“The bill contains intent language requiring MDOT to (1) consider sustainable communities as it considers annual revisions to the Consolidated Transportation Program; and (2) consult twice annually with the Smart Growth Subcabinet on how to work cooperatively to make mutual investments toward creating and supporting sustainable communities across the State. Subject to limitations specified under current law, MDOT may exercise all powers reasonably necessary to achieve sustainable community goals including the authority to: (1) adopt regulations to implement sustainable community objectives; (2) apply for and receive grants, gifts, payments, loans, advances, appropriations, property, and services from the federal and State government; and (3) enter into agreements and contract for (a) any studies, plans, demonstrations, or projects; (b) planning, engineering, and technical services; or (c) any purpose necessary or incidental to the performance of its duties and the exercise of its powers under sustainable communities. “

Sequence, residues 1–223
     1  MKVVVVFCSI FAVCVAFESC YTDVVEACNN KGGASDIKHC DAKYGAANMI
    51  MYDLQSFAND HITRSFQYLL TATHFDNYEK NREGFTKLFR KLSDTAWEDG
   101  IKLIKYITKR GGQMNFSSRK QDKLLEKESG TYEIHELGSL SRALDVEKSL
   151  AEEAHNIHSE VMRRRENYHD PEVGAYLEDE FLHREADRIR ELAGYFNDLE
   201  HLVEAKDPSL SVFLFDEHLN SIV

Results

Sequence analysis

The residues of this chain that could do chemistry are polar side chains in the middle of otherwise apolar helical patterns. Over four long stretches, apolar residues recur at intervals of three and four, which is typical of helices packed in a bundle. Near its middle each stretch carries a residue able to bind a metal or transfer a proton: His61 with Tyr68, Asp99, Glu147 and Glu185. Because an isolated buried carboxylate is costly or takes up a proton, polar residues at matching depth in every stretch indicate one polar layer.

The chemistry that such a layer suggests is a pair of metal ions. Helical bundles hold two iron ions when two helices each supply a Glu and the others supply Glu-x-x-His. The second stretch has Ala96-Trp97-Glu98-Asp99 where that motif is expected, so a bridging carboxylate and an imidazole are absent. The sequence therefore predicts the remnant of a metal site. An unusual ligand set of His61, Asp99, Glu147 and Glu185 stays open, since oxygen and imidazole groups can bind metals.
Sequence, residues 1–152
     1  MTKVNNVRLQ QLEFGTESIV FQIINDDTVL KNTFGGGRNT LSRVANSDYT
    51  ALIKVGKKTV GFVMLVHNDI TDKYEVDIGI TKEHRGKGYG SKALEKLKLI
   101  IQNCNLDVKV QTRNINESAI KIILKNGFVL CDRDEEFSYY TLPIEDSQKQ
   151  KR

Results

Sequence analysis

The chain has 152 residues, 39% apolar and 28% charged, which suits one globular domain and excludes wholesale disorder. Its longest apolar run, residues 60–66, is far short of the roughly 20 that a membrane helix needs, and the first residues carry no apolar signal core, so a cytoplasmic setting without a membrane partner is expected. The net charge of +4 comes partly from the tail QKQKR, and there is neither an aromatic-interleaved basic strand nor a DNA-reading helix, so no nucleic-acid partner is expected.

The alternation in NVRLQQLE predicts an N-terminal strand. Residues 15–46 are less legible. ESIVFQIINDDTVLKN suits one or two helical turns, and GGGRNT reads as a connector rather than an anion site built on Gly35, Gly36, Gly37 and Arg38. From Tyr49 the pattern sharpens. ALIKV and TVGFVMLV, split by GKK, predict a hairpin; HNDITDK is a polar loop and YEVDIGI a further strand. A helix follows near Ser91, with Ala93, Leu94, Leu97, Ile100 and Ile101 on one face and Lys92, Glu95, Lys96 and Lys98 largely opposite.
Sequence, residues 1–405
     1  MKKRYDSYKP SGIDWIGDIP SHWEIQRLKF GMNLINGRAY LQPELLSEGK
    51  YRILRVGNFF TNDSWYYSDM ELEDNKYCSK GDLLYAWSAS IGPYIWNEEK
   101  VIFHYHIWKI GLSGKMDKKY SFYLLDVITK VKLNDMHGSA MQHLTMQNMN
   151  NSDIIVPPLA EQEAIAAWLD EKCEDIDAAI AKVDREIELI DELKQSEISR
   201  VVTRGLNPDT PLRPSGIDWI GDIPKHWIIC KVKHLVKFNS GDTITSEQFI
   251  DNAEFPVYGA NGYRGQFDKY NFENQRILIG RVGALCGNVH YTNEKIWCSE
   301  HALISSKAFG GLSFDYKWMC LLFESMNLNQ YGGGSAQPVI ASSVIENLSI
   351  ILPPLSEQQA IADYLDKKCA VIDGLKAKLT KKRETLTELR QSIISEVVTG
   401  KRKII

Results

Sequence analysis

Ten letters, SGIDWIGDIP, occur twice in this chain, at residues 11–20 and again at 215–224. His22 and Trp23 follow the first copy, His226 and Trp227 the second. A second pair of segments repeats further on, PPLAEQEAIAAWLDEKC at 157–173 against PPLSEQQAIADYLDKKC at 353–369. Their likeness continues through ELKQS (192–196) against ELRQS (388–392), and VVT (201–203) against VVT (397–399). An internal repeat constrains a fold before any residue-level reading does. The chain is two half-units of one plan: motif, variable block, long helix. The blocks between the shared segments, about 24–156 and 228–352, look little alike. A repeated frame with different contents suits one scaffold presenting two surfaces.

On this questionable measure, no state senators here and only 27 members of the House of Delegates here (of whom two were Democrats) voted against final passage.

Where Do All These Schemes Come From?

Last May, we wrote about the real meaning of “sustainability” in our Hiding In Plain Sight: Collectivization by Planners, Schools.

We cited the redoubtable Jim Simpson in his “Globalist Totalitarian Dictatorship Invading a Town near You – With Your Permission” (Campaign for Liberty) who declared —

“The Maryland State government is virtually bursting with “Sustainability” initiatives like Governor O’Malley’s Smart, Green and Growing. The state Department of Natural Resources hosts a Sustainability Network page, where you can link to organizations promoting sustainability in every county in the state. The Maryland state government created a new “Sustainable Growth Commission” in 2010. The year before, it passed the “Smart and Sustainable Growth Act of 2009,” which requires county planning officials to take a special course. You can see the study guide here . The guide is a road map to the ‘sustainable’ future, which will force us all into cities, crowd us close to public transportation, bike paths and into “walkable neighborhoods”: ‘…encouraging shorter drive times, locating housing closer to work, minimizing shopping trips, and giving our kids real options to walk and ride bikes to school, parks and playgrounds…’ while reducing our ‘carbon footprint.'”